A series of acoustic absorbers 50 are electroplated upon the corners of the delay line 30. The corner absorbers 50 in this embodiment are grounded at connection 51 to form the second connection, besides the wires 45 and 47 to the crystal assemblies 40 and 46. The center portion of each of the facets 32, 33, 34, 35, 36, 37 and 38 has hen ground smooth and is free from coating. These planar areas are designed to reflect a pulsed signal from the input crystal 43 so that the ultrasonic vibrations traverse the confines of the delay line 6 times to each of the facets in the order designated by the reference numerals before impinging upon the output crystal assembly 46. The smooth areas are of sufficient size to reflect the major part of the signal. Any part of the signal unduly diverging from the prescribed path will strike a portion of the absorbers 50 and be attenuated, preventing false reflections from arriving at the output crystal assembly 46. In this embodiment, the major surfaces of the sheet 30 were painted with a silver paint offering some absorption but these surfaces may be coated with impedance matching absorbers in accordance with this invention.
. The acoustic absorbers in the above-described embodiments are applied in accordance with the following process illustrated in Fig. 4. The fused or vitreous silica parts are prepared for electroplating by being coated on the areas to be absorptive with a silver paste described in Patent 2,461,878 to C. J. Christensen et al., issued Febrilaryl5, 1949, after which the silver paste is fired 600 Gms./liter Tin (stannous) 25 Lead 65 Free fluoroboric acid 40 Free boric acid 25 Glue l The bath is kept at room temperature and subjected to mild agitation during electroplating. The electroplating of this variable proportion alloy absorber requires dual electrodes, one lead and the other tin. For a 70 percent lead, 30 percent tin alloy, seven eighths of the current is passed through the lead electrode and one eighth through the tin electrode. With a current density of 30 amperes per square foot, the absorber is plated at a rate of 0.004 inch per hour. This speed allows accurate control of the thickness of the absorber coating.
Fig. 5 shows results of a study of the substantially straight line variation in the acoustical impedance with change in proportion of lead and tin in the absorber alloy. The variation in V is from 6 to 12.2 times 10 mechanical ohms as the proportion of lead and tin is changed from percent lead to 100 percent tin. The acoustical impedance to shear waves in mechanical ohms times 10 of the following significant delay line materials falls within this range:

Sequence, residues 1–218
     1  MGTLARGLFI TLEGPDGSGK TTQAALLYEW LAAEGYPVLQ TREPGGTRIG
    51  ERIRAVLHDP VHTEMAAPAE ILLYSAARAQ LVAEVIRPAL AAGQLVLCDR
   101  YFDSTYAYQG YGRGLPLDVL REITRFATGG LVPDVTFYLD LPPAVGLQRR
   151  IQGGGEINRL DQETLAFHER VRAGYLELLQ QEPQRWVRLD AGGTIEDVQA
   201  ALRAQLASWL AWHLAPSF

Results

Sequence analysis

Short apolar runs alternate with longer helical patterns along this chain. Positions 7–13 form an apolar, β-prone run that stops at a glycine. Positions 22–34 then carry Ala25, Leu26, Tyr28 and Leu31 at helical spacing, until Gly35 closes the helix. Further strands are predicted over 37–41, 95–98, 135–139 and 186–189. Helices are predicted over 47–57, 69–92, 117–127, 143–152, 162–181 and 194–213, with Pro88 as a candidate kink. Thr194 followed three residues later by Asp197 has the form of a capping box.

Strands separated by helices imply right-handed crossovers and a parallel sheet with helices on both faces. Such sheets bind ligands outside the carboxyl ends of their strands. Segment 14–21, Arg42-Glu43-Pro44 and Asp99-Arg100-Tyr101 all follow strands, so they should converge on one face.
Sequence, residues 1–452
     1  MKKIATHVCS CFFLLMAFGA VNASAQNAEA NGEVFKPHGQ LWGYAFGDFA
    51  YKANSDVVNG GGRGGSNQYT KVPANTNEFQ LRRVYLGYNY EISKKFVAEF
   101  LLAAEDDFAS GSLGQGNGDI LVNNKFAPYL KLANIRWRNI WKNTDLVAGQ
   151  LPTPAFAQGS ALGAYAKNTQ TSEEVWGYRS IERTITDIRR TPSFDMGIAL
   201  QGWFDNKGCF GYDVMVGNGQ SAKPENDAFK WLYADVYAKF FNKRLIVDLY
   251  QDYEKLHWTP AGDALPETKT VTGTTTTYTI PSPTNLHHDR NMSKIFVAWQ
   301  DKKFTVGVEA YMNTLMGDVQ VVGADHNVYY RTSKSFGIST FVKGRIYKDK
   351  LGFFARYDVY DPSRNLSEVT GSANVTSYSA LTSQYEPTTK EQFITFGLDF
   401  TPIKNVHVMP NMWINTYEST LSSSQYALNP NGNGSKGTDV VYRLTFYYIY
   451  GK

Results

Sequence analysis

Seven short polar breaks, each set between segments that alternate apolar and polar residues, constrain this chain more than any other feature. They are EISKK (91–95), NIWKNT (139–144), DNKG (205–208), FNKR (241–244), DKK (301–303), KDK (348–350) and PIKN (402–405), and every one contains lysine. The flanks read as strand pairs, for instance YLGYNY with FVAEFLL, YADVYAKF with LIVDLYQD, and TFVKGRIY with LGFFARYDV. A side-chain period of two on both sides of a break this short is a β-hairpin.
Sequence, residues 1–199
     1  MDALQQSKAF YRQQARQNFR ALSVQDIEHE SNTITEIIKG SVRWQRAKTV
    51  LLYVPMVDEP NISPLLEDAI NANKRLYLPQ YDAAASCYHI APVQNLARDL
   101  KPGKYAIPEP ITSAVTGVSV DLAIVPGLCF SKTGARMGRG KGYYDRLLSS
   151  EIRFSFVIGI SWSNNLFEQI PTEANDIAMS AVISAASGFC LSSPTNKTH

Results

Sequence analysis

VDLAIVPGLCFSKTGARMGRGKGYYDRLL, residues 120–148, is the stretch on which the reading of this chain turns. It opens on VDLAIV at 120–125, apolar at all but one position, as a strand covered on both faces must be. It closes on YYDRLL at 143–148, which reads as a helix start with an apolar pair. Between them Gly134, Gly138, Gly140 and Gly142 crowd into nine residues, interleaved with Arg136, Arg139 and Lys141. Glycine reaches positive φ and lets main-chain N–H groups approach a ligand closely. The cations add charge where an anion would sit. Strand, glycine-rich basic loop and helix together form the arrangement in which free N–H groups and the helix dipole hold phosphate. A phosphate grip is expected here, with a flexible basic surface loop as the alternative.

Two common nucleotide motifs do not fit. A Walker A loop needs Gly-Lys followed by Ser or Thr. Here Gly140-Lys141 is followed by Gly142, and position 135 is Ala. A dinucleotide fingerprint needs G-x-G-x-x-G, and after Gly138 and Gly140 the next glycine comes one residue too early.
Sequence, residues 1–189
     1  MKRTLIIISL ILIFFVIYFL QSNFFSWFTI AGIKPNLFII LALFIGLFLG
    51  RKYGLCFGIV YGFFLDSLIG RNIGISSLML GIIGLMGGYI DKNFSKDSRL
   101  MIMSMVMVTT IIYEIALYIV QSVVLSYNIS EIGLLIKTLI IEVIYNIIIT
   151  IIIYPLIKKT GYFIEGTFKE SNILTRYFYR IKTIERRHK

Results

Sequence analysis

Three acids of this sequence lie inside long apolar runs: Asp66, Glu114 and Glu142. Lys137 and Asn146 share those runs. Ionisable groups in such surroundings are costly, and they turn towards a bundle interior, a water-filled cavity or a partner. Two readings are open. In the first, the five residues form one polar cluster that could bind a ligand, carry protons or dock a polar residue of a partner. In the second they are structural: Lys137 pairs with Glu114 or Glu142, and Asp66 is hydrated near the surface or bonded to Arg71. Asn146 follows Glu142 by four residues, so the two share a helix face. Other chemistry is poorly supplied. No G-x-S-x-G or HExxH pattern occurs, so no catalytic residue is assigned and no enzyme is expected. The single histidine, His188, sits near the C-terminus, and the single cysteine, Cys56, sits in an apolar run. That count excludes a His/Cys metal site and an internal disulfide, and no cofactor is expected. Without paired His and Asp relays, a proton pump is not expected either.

By changing the proportion of current through each of the dual electrodes to give the prescribed alloy composition, acoustic absorber areas may be electroplated in an impedance match with the above-mentioned delay line materials. When a conducting material such as aluminum is used, the step in the process of coating with a conducting paste before electroplating may be eliminated.
It is understood that other high acoustic loss materials such as bismuth or cadmium may be used in place of either lead or tin to give an additional range of acoustic impedance suitable for matching the impedance of other delay materials. It is also understood that acoustic absorbing areas may be electroplated to match the acoustic impedance of delay media in which longitudinal or torsional waves are utilized.
In addition to the improved electrical or acoustic properties of this absorber, important advantages of this method of absorber application are that the danger of fracturing the delay medium or the crystal transducers upon temperature changes is all but eliminated because the absorber is applied at room temperature rather than at elevated temperatures as in the case of melted-on absorbers. Despite a marked difference in coefficients of thermal expansion of the absorber materials and fused silica, there was no evidence of damage to the delay line when cooled to a temperature of 70 C. Using prior art processes a complete rupture of the delay line at the solder bond was suffered upon a reduction in temperature to 40 C.